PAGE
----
By Natalie Burduli
The Netherlands is well known for being open, progressive, and accepting of LGBT rights. Amsterdam is often referred to as one of the most LGBT-friendly cities in the world, and the majority of the Dutch population supports same-sex marriage. Transgender people are legally allowed to change their sex assigned at birth. Workplaces cannot discriminate based on sexual orientation in compliance with the Equal Rights Act of 1994, and the Netherlands was the first country to legalize same-sex marriage as early as 1998.
Unquestionably, the Netherlands has fought tirelessly to become an open and liberal society, and they are not afraid to show their pride by organizing annual parades, concerts, support groups, and providing their LGBT citizens with various resources in order to feel accepted.
But what is it like to live in a part of the Netherlands that is famously known to be under the ‘Bible Belt’?
The ‘Bible Belt’ is a part of the Netherlands that is famously highly conservative and Christian. Respectively, Zeeland is situated under the ‘Bible Belt’, and many members of the LGBT community do not feel fully accepted in this part of the country. Some people still feel deeply uncomfortable when walking in the street next to their partner, getting remarks and judgmental stares.
Some UCR students have noticed this subtle judgment on the streets of Middelburg. Duncan Evers, class of 2020, expresses his concern on his Facebook page, stating: “I find it ridiculous that I cannot walk hand in hand with a boy in public without fearing for homophobic comments in a country that is being praised for its tolerance”.
Moreover, Zeeland has an apparent lack of LGBT representation. There is a LGBT organization called COC Zeeland, that occasionally organizes small events, and even used to have a bar named “Glam” where everyone was welcome to join and express themselves. “Glam”, unfortunately, worked only through volunteers that kept diminishing over the years, causing the owners to close the bar. Local Amélie Lune Minnaard, class of 2020, notes, “‘Glam’ was the one place in Middelburg where people of the LGBT community could gather and have fun, UCR is, in itself, liberal, and students are already part of a welcoming community, but citizens of Middelburg simply don’t have a place to gather and feel the support from like-minded individuals. Additionally, people who do drag performances are only able to express themselves by going to a bigger city where there are more opportunities”.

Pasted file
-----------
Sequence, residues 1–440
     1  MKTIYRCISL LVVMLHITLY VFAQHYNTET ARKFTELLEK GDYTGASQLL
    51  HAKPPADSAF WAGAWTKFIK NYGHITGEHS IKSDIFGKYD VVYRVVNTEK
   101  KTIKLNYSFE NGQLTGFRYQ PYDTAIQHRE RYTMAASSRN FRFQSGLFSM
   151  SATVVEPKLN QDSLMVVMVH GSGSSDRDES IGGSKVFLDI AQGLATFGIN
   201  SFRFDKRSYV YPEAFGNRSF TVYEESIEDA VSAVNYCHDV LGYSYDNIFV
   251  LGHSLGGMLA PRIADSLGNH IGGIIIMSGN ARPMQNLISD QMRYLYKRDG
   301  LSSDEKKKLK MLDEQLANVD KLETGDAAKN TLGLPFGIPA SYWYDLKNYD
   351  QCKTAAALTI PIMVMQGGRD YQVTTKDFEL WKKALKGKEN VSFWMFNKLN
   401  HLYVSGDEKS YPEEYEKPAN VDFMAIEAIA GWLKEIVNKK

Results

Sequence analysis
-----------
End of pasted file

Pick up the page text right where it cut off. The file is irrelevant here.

Even though “Glam” was the heart of the LGBT community in Middelburg, the demand for it to stay open was not very high. Niels van Kleef, class of 2019, considers that “Middelburg is just too small or too conservative for a place like that to exist. I think that is sad, but that’s the way it is.” But on a positive note, he adds: “That does not mean that there is no sense of community at all, it is just a small community”. Unfortunately, because of this diminishing sense of a LGBT community in Zeeland, some individuals might feel like they do not have any kind of support outside of their circle of accepting friends and family, or in some cases, feel ostracized entirely.
Finding out and exploring your preferences is an essential part of growing as a person. For this, it is necessary to create an environment full of people who have gone through the same situations, and who are able to offer a broader insight via their experiences. Not only young people, but every citizen of Zeeland should feel accepted and safe when walking in the street with their significant other. Our society has made leaps forward in recognizing that there is nothing wrong about who you love, and it is your basic right to express affection without being judged for it. This mindset should especially be the case in all areas of a country that praises itself on its open-mindedness.
Natalie Burduli, Class of 2020, is a Law Major from Tbilisi, Georgia
Featured Image: https://daliaresearch.com/counting-the-lgbt-population-6-of-europeans-identify-as-lgbt/